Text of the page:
How Alcohol Affects Your Emotional and Mental Well-Being
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The effects of excessive drinking on physical health are widely known. Yet, it’s also important to remember that alcohol misuse can take its toll on mental and emotional health, too.
In today’s article, we will try to answer “How does alcohol affect your mental health?”
We will also talk about developing better coping strategies and ways to seek help if you believe that alcohol use is affecting you in a negative way.
How does alcohol affect the brain?
First, let’s take a short trip into neuroscience and how alcohol affects the brain. As a substance, alcohol can either be a stimulant or a depressant, depending on the dosage. At low doses, it stimulates, and at higher depresses.
These states cause certain effects of alcohol on emotions. While a person is intoxicated they can become overly friendly or aggressive. If a person drinks too much, then, they can become drowsy or even lose consciousness.
Even short-term alcohol use leads to impairments in attention and executive functions, which include planning, short-term memory, and self-control.
If a person develops an alcohol addiction from excessive drinking, these effects can become long-lasting.
Long-term alcohol abuse leads to damage in the frontal lobes of the brain, which results in problems with judgment and decision-making, as well as emotional and behavioral problems.
So, alcohol addiction doesn’t just make a person dependent on the substance, but it can have a lasting impact on how a person’s brain functions and reacts to stimuli.
This means that there are substantial emotional consequences of alcohol use and we are going to look at the most common consequences in just a moment.
Common effects of alcohol on emotions and mental health
Alcohol and anxiety
Does alcohol cause anxiety? Or does anxiety causes alcohol abuse?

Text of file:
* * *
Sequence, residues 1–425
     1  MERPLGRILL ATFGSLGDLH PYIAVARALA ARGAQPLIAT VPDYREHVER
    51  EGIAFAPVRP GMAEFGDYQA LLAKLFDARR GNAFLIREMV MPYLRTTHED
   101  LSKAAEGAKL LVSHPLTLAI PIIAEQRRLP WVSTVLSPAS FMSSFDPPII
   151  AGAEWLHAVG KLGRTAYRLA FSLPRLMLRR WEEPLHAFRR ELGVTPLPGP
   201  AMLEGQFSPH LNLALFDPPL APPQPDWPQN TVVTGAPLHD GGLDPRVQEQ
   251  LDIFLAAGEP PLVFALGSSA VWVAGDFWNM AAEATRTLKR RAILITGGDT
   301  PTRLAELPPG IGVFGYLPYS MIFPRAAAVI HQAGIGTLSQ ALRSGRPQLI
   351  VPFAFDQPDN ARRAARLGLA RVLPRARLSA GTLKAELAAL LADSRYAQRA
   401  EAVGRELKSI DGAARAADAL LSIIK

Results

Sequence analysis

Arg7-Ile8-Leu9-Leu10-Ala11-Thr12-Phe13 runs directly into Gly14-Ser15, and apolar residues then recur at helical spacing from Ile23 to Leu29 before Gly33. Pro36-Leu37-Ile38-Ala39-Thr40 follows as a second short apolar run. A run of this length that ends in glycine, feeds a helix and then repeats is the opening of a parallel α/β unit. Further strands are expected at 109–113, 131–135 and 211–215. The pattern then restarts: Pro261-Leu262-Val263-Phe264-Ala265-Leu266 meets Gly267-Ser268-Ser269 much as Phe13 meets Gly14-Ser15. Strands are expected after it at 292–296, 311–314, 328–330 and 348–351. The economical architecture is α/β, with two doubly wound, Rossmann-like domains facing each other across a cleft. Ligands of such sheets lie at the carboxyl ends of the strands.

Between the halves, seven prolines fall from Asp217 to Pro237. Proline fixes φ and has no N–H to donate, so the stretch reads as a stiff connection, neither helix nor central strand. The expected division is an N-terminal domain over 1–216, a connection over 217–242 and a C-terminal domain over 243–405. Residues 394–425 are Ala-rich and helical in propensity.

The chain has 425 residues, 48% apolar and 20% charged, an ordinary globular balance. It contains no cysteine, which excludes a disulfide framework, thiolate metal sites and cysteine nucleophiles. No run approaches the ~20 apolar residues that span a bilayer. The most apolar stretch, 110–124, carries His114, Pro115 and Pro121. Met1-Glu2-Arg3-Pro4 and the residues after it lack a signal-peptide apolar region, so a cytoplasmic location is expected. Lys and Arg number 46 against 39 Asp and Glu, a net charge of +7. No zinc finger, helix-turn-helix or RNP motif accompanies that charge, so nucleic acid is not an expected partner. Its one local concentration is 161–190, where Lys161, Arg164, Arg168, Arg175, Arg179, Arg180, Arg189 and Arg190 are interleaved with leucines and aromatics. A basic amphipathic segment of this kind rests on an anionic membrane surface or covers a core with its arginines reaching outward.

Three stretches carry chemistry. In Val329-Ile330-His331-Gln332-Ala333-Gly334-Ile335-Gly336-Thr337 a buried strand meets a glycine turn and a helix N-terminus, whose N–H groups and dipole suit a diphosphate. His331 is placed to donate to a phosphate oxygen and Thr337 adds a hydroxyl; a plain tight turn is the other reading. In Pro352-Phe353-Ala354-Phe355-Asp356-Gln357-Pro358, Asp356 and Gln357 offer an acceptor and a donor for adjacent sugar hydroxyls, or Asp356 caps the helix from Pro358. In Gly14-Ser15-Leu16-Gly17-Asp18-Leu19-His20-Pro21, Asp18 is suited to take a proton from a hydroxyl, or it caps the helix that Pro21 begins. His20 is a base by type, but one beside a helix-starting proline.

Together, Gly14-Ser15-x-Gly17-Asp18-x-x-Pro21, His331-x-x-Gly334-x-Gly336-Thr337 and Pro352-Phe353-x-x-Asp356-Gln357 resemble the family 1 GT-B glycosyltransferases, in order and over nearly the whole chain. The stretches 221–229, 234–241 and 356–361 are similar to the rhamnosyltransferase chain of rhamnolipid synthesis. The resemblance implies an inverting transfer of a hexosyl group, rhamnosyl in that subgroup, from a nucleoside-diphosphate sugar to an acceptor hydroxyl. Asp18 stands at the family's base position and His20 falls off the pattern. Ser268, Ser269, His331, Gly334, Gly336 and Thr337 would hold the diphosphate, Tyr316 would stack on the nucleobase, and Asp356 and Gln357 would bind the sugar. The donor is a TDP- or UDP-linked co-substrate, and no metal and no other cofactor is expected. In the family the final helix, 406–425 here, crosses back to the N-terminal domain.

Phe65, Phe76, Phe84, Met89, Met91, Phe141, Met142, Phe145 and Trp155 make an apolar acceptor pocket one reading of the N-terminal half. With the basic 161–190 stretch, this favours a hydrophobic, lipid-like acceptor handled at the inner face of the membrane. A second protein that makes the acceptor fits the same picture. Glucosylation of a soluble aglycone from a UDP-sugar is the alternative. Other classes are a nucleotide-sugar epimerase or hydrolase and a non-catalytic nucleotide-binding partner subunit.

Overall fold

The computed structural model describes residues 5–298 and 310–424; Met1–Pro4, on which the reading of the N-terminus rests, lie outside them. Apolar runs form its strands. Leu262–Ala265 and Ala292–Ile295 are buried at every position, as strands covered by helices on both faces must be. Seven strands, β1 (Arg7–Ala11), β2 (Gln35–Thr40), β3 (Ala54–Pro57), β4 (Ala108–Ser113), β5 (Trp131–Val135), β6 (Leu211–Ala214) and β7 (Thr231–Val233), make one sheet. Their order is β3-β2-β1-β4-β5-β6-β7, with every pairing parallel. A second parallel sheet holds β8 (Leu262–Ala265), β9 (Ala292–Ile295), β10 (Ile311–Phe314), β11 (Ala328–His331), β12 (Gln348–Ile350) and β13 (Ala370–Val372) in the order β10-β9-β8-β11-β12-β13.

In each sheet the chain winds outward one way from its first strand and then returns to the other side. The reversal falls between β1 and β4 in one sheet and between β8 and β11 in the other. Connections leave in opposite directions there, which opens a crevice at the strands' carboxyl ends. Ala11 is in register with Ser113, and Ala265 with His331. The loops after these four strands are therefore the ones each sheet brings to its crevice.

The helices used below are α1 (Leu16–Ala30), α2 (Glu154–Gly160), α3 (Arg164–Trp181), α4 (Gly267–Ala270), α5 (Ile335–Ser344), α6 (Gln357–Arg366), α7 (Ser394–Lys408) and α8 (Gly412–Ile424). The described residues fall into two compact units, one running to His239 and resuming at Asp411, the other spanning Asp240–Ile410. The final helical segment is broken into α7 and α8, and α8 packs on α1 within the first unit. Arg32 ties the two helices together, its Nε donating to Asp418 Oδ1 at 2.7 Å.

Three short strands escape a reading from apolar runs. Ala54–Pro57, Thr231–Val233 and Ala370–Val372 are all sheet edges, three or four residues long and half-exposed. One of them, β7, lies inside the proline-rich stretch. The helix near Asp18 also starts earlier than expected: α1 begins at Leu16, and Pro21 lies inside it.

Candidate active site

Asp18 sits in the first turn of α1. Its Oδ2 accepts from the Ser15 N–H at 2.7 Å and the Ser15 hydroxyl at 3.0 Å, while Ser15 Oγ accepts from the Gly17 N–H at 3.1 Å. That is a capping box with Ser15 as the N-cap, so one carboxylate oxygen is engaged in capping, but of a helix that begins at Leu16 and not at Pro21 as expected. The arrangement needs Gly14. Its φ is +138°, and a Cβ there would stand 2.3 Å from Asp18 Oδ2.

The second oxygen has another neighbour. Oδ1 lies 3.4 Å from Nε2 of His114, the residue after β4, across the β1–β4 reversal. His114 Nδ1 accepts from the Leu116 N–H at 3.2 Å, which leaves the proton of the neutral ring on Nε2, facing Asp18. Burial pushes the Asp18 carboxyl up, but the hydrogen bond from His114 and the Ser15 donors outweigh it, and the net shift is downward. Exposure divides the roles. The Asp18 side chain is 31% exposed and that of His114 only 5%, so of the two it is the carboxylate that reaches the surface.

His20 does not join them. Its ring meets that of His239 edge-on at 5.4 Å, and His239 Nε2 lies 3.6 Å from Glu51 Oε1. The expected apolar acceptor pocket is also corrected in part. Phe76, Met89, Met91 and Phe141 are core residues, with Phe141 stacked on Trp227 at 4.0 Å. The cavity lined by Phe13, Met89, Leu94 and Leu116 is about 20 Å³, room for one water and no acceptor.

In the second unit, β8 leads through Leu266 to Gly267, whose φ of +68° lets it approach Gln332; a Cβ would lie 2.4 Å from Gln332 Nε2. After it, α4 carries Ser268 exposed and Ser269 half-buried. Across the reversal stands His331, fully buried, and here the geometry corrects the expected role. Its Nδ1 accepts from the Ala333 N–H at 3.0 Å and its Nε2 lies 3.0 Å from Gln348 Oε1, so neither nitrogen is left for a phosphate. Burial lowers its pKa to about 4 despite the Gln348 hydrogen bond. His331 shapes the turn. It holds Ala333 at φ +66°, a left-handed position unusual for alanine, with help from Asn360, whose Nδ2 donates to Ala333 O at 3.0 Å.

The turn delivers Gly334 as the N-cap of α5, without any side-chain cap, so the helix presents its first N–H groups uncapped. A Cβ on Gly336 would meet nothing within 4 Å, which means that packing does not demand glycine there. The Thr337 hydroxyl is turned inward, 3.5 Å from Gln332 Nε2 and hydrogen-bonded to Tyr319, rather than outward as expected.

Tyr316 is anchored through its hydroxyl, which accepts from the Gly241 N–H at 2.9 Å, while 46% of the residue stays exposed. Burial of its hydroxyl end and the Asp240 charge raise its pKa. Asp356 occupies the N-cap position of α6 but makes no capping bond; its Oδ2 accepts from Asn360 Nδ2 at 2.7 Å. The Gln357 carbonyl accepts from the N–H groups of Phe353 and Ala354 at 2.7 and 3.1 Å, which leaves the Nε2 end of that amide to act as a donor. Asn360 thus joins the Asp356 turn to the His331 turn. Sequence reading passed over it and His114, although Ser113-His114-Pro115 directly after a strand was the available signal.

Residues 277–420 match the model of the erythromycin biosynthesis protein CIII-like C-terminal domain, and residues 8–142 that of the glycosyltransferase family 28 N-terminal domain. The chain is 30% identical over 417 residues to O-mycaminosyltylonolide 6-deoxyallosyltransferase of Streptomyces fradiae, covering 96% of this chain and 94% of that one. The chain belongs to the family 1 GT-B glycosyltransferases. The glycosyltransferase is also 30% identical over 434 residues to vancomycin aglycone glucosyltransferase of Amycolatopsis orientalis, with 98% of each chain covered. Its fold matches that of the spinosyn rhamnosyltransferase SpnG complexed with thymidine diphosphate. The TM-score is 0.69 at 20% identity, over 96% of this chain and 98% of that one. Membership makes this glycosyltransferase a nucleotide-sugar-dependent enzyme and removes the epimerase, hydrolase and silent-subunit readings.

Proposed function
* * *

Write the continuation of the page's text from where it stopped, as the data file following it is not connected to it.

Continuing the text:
In one of the studies, about half of the participants with an alcohol use disorder had an anxiety disorder. There is evidence that some people may consume alcohol as a method to cope with anxiety. Over time, this can lead to the development of alcohol addiction.
Yet another study suggests that in most cases, anxiety develops before a person develops an alcohol addiction. This means that alcohol misuse doesn’t necessarily cause anxiety; instead, alcohol can become a way of coping with anxiety and other negative emotions, including stress.
It’s true that alcohol can offer a brief respite from anxious thoughts, but that feeling is fleeting and dangerous. As tolerance to alcohol builds up, a person needs to drink more and more to reach the same effect, resulting in alcohol addiction.
From the provided evidence, we can determine that it’s more likely that anxiety comes before alcohol use disorder. The latter, then, is used as a coping mechanism for anxiety.
At the same time, if a person decides to abruptly quit alcohol, they will experience withdrawal symptoms, anxiety included. That is because alcohol misuse causes dysfunctions in the brain’s stress-regulation system, ultimately resulting in alcohol dependence.
Alcohol and depression
Studies show that depression is common among people diagnosed with an alcohol use disorder. In fact, people with alcohol dependence are 3.7 times more likely to also be diagnosed with depression.
As is the case with alcohol and anxiety, the relationship between alcohol and depression is bidirectional.